The Switching Labyrinth

[Image: From "Labyrinths, Mazes and the Spaces Inbetween" by Sam McElhinney].

Sam McElhinney, a student at the Bartlett School of Architecture, has been building full-scale labyrinths in London and testing people's spatial reactions to them. See photos of his constructions, below.

McElhinney explained his research to BLDGBLOG in a recent email, attaching a paper that he delivered earlier this month at a cybernetics conference in Vienna, where it was awarded best paper. Called "Labyrinths, Mazes and the Spaces Inbetween," it describes McElhinney's fascinating look at how people actually walk through, use, and familiarize themselves with the internal spaces of buildings, using mazes and labyrinths as his control studies.

In the process, McElhinney introduces us to movement-diagrams, Space Syntax, and other forms of architectural motion-analysis, asking: would a detailed study of user-behaviors help architects design more consistently interesting buildings, spaces that "might evoke," he writes, "a sense of continual delight"? Pushing these questions a bit further, we might ask: should all our buildings be labyrinths?

[Images: Movement-typologies from "Labyrinths, Mazes and the Spaces Inbetween" by Sam McElhinney].

Early in the paper, McElhinney differentiates between the two types of interior experiences—between mazes and labyrinths.
    A path system can be multicursal: a network of interconnecting routes, intended to disorient even the cunning. It may contain multiple branches and dead ends, specifically designed to confuse the occupant. This is a maze.

    Alternatively, a path can form a single, monocursal route. Once embarked upon, this may fold, twist and turn, but will remain a constant and ultimately reach a destination; this is a labyrinth.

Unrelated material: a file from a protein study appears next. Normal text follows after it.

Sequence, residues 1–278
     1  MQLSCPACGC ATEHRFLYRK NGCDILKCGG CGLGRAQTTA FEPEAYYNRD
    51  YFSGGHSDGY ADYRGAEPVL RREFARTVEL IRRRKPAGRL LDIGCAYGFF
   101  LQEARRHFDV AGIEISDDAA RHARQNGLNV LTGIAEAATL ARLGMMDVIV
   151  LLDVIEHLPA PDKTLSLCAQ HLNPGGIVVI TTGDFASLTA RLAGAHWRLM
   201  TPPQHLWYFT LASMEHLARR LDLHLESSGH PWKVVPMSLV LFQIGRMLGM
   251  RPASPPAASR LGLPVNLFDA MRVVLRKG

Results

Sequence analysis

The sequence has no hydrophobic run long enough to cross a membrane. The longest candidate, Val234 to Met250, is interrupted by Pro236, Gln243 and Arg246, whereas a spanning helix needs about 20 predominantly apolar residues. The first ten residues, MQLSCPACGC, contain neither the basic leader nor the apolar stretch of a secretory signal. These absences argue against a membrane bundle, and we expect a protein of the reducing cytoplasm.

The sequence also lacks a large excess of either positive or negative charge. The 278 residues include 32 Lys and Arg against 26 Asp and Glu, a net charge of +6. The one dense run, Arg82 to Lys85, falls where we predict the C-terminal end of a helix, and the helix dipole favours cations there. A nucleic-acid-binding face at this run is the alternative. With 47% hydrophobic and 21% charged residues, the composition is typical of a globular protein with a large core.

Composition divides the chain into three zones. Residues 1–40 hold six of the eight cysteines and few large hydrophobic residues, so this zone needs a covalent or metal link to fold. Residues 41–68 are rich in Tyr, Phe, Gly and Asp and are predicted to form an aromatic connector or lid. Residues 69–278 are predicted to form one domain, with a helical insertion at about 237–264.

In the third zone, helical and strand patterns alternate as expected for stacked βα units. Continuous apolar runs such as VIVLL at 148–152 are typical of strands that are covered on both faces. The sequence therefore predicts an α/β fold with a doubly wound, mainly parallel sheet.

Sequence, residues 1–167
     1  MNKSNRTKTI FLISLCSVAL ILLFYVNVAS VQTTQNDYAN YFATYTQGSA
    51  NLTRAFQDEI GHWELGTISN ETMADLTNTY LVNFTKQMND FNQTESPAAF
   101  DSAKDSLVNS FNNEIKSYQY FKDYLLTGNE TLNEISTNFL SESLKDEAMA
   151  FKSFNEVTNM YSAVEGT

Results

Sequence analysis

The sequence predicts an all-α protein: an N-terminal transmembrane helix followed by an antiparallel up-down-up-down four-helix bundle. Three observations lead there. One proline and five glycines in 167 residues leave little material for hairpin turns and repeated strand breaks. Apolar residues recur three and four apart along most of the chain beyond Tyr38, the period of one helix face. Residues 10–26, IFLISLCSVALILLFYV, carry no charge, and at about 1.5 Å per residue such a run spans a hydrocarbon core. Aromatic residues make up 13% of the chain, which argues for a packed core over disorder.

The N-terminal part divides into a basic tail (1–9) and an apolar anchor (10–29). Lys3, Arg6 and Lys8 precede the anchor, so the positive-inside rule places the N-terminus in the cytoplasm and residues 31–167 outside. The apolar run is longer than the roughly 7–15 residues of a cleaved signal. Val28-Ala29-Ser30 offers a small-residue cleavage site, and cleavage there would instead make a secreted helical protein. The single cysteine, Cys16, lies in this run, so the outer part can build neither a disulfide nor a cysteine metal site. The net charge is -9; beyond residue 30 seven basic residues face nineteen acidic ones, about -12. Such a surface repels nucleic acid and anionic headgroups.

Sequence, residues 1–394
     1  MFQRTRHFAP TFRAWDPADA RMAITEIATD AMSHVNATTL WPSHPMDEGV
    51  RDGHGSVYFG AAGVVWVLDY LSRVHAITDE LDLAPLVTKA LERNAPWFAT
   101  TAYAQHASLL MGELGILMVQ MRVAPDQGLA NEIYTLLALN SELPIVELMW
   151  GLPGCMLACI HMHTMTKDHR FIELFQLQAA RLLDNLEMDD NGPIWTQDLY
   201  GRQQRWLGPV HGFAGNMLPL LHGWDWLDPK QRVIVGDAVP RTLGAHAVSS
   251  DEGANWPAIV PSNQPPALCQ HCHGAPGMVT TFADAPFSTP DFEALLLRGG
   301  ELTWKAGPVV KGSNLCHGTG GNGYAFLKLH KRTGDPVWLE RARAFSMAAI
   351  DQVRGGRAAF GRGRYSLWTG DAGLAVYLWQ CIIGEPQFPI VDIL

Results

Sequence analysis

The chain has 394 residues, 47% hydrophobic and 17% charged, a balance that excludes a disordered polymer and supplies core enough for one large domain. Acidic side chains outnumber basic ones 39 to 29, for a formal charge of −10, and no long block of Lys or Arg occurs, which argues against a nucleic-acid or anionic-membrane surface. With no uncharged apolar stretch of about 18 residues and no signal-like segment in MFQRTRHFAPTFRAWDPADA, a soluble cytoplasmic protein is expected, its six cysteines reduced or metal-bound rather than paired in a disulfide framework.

The experience of walking these two topologies is very different.
These basic definitions set the stage for McElhinney's own "premise," which is "that all space is found, experienced and inhabited in a state of ‘switching’ flux between the diametrically opposed topologies of maze and labyrinth. This offers insights into how we might evoke a sense of continual delight in the user [of the buildings that we go on to design]." Accordingly, he asks how architects might actually construct "a path that switches from a labyrinth into a maze (and vice-versa)."

How can architects design for this switch?

[Images: From "Labyrinths, Mazes and the Spaces Inbetween" by Sam McElhinney].

McElhinney's argument segues through a discussion of Alasdair Turner’s Space Syntax investigations (and the limitations thereof). He describes how Turner put together a series of automated test-runs through which he could track the in-labyrinth behavior of various "maze-agents"; these reprogrammable "agents" would continually seek new pathways through the twisty little passages around them—a spatial syntax of forward movement—and Turner took note of the results.

Turner's test-environments included, McElhinney explains, a maze that "was set to actively re-configure upon a door being opened, altering the maze control algorithms" behind the scenes, thus producing new route-seeking behavior in the maze-agents.

[Images: From "Labyrinths, Mazes and the Spaces Inbetween" by Sam McElhinney].

Unsatisfied with Turner's research, however, McElhinney went on to build his own full-scale "switching labyrinth" near London's Euston Station. Participants in this experiment "animated" McElhinney's switching labyrinth by way of "a stepper motor and slide mechanism" that, together, were "able to periodically shift, 'switching' openings to offer alternative entrance and exit paths."